About the Author
Retired Judge, Court of Appeals of Maryland
Issue: Do repeated instances of neglect of various clients' files constitute disciplinary sanctions for which disbarment is warranted?
Holding: Considering the gravity and pervasiveness of this attorney's misconduct, the need to protect the public and the integrity of the legal profession merit disbarment.
Alleged Violations: Rules of Professional Conduct 1.1 ("Competence"); 1.2(a) ("Scope of Representation and Allocation of Authority Between Client and Lawyer"); 1.3 ("Diligence"); 1.4(a) and (b) ("Communication"); 1.6(a) ("Confidentiality of Information"); 1.16(d) ("Declining or Terminating Representation"); 3.2 ("Expediting Litigation"); 8.1(a) and(b) ("Admission and Disciplinary Matters"); and, 8.4(c) and (d) ("Misconduct")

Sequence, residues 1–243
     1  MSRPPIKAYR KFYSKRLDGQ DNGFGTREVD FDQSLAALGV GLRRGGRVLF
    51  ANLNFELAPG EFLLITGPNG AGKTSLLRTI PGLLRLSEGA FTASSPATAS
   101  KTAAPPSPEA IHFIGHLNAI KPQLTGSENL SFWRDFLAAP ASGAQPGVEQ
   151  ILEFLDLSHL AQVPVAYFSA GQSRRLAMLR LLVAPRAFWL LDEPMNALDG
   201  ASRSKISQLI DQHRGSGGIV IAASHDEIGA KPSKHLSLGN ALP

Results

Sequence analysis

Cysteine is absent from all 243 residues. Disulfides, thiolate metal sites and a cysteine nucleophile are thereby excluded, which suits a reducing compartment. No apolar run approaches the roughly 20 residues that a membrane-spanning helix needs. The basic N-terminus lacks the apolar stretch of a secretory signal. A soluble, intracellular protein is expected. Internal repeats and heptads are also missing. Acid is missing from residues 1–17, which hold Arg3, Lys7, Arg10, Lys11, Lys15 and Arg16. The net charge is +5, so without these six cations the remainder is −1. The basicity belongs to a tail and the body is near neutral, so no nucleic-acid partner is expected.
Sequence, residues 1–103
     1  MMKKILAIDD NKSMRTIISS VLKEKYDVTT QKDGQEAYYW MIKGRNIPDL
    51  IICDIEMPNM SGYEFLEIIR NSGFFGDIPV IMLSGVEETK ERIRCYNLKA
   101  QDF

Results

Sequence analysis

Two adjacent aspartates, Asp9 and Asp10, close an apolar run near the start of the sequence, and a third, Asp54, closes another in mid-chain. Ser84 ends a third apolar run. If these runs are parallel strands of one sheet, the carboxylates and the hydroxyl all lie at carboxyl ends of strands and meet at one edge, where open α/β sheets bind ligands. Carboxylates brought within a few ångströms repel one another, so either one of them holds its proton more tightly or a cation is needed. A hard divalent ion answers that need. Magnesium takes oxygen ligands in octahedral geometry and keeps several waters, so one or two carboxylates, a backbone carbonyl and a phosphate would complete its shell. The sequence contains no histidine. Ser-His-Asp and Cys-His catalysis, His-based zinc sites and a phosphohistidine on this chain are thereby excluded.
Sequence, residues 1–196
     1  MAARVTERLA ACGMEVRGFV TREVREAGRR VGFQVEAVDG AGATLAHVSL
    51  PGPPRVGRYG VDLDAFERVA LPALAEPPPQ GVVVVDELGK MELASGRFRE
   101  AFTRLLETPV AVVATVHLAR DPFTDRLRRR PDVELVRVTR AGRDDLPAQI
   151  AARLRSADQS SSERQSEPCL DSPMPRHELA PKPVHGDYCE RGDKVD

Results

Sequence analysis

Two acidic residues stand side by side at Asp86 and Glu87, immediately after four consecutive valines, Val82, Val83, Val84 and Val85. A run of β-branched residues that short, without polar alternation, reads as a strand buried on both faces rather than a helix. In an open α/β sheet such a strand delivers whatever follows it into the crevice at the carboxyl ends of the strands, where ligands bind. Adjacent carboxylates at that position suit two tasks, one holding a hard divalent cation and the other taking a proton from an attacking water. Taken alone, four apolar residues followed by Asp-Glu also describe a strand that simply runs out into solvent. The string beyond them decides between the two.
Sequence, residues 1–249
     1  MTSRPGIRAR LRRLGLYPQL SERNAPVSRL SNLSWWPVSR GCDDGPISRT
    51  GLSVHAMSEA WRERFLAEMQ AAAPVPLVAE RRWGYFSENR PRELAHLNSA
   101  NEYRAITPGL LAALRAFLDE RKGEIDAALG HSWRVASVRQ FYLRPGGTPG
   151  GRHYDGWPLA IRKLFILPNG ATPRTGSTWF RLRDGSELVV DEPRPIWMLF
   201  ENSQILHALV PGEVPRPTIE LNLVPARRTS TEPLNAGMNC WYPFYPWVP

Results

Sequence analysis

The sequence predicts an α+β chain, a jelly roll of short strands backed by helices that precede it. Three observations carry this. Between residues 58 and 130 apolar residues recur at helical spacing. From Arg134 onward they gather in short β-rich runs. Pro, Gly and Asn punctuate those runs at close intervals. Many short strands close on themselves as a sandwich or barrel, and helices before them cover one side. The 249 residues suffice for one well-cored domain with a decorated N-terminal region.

Citation: 426 Md. 298, 44 A.3d 344 (2012)
PANEL: BELL, C.J., HARRELL, BATTAGLIA, GREENE, ADKINS, BARBERA, McDONALD, JJ.
The Attorney Grievance Commission, acting through Bar Counsel (Petitioner), filed a petition for disciplinary or remedial action, pursuant to Maryland Rule 16-751(a)(1), against Barry S. Brown, Esquire (hereinafter, Respondent or Brown). Petitioner charged that Respondent's conduct, arising from his defective representation of four separate clients, violated the following Maryland Lawyers' Rules of Professional Conduct (MLRPC): 1.1 ("Competence"); 1.2(a) ("Scope of Representation and Allocation of Authority Between Client and Lawyer"); 1.3 ("Diligence"); 1.4(a) and (b) ("Communication"); 1.6(a)Page 2
("Confidentiality of Information"); 1.16(d) ("Declining or Terminating Representation"); 3.2 ("Expediting Litigation"); 8.1(a) and(b) ("Admission and Disciplinary Matters"); and,Page 3 8.4(c) and (d) ("Misconduct"). Pursuant to Maryland Rules 16-752(a) and 16-757(c), we designated the Honorable Patrick Cavanaugh of the Circuit Court for Baltimore County to conduct a hearing and file written findings of fact and conclusions of law.